Virtual Works of Virtual Art

The Glass Mountain project continues its merry way with me replacing the exoskeleton of a mountain in Minecraft with glass blocks and hollowing it out beneath. Of course, when I say “merry”, I mean “me doing lots of virtual grunt work”. I’ve even moved to a “two smelter system” in order to produce glass blocks more efficiently during the days and nights while I’m out working on the structure.

I have a little daily routine of collecting sand in the early morning, setting it smelting, and then working on the outside structure while it’s light out (and hence no creepy crawlies) and then retreating inside as it gets dark to work on hollowing out the internal cavity, which is now getting pretty huge. All this in aid of creating a virtual object that I hope will be quite beautiful and meaningful in some way.

Which leads me to continuums. The old ludus (rules, goals) and paidia (playfulness) continuum (if it is one) is very popular in game studies as a way to conceptualise forms of gameplay. And the story goes that games which support both of these things in different ways are doing something good, because both forms of play activity are very appealing – ludus for our desire to succeed, paidia for our desire to be more trivial and immediate. Grand Theft Auto (since 3) is a good example of facilitating both forms of activity, and there’s no doubting that it’s a better game for it.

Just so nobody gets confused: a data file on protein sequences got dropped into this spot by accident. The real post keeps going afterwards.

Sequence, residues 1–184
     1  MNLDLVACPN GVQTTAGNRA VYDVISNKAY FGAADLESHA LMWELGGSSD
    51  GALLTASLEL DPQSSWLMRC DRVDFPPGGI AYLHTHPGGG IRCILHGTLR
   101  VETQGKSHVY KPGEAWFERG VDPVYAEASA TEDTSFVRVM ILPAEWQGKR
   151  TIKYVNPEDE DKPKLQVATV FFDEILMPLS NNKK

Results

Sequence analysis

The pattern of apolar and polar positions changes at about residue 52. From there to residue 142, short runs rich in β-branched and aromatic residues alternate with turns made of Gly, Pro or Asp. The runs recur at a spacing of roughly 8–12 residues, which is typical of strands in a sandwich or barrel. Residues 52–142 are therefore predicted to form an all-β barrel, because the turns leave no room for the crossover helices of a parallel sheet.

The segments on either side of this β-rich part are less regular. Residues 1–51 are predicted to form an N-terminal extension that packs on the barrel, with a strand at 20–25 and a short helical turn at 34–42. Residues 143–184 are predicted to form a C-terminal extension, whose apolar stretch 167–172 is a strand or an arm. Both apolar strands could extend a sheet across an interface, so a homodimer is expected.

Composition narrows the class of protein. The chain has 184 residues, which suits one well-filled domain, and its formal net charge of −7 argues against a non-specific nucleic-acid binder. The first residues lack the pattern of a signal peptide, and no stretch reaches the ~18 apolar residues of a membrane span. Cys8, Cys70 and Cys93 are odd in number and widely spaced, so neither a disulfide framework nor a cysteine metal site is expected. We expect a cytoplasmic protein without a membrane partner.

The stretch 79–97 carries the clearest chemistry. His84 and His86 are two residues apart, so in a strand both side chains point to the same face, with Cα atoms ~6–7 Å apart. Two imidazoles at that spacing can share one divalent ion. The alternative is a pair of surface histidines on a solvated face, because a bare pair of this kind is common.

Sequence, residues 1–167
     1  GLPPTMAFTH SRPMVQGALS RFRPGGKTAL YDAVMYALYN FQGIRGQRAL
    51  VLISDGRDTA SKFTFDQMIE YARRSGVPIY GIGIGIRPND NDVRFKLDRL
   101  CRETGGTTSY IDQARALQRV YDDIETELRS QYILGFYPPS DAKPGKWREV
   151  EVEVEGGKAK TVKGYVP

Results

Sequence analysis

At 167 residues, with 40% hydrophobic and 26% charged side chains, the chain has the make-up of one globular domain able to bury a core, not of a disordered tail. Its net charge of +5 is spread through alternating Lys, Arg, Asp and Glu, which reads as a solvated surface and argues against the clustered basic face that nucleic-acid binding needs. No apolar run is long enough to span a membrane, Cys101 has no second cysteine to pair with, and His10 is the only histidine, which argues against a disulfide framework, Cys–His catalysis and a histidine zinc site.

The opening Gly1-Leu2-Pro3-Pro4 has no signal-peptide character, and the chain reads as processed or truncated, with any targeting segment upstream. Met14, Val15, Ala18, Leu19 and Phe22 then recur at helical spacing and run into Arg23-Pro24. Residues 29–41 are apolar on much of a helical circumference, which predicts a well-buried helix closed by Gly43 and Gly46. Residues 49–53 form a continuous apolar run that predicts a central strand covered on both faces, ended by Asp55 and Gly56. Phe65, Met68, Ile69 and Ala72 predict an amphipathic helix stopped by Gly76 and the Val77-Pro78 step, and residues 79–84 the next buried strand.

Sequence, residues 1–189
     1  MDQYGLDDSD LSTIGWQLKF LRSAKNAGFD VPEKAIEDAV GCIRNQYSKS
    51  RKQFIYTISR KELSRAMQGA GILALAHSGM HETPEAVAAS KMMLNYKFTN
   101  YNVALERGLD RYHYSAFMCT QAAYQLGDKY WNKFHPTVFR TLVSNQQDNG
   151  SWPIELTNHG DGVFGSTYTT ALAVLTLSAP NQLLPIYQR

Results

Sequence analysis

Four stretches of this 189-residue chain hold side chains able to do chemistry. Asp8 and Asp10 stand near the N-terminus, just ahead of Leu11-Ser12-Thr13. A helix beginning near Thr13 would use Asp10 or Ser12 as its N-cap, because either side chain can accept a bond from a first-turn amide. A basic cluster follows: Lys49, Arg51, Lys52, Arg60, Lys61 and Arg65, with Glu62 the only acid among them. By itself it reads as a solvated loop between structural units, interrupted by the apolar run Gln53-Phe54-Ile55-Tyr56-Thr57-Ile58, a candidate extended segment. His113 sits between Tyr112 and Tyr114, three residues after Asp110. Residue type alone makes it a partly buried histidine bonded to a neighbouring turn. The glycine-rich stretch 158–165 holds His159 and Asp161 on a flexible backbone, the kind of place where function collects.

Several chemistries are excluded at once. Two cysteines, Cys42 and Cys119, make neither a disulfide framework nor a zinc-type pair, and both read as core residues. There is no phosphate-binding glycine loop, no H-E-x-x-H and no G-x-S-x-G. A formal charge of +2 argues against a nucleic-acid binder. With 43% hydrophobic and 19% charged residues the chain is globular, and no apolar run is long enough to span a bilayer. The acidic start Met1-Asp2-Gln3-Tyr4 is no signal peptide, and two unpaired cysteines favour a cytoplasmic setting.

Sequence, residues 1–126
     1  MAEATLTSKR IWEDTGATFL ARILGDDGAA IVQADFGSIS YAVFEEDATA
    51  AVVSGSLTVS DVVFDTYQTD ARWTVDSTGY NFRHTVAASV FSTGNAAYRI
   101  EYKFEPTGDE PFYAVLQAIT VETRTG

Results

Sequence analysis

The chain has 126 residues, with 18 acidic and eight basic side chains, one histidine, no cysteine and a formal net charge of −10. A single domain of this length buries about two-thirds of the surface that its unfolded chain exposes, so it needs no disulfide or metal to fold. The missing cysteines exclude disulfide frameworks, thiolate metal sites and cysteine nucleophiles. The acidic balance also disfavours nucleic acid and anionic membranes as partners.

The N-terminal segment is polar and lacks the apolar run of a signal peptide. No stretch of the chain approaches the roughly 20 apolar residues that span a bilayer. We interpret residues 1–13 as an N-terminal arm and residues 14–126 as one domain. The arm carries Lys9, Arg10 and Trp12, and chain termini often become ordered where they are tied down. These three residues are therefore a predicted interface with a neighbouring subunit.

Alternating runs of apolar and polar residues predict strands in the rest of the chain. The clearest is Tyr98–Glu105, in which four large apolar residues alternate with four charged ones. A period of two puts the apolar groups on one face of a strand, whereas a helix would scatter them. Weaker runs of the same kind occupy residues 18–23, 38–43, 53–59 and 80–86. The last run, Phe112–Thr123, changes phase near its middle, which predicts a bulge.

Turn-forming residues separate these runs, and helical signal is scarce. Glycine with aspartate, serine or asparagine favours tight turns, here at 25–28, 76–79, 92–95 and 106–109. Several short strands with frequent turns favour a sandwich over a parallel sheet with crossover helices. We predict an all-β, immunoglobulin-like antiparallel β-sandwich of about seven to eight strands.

But this project in Minecraft turns me toward another continuum which feels less explored in video game worlds, and which seems very interesting and fruitful – a continuum of sorts between work and art. Or something along those lines. The Glass Mountain project has me rocketing along this axis. I spend a great deal of virtual labour when I play in that world – almost all my time is spent doing quite mundane tasks: smelting, digging, placing blocks of glass to replace other blocks, searching for coal. And yet it’s all in aid of something that’s ultimately my more “artistic” vision.

I think the work/art poles (or dichotomy or whatever, I’m not interested so much in the formal structure) is something that video games could certainly go into much more deeply. I think there’s the potential there for an interaction with a virtual world that goes beyond satisfaction and toward something potentially more fulfilling. I struggle to think of other examples, but I might cite something like the amazing story of the Guiding Hand Social Club’s crazy take-down of another guild in Eve Online. Vast amounts of work toward what was in many ways a highly aesthetic outcome.

Of course, this kind of process isn’t for everyone – turning a mountain into glass almost certainly strikes a large number of players as idiotic, and in many ways it is. But I can’t help but feel that games could push harder on their ability to channel players’ creativity (and preparedness to work for it) somehow. Modding communities and machinimists (a word?) are good examples, but couldn’t games do more to gently slide us toward these experiences in the virtual worlds themselves?

2 February 2011
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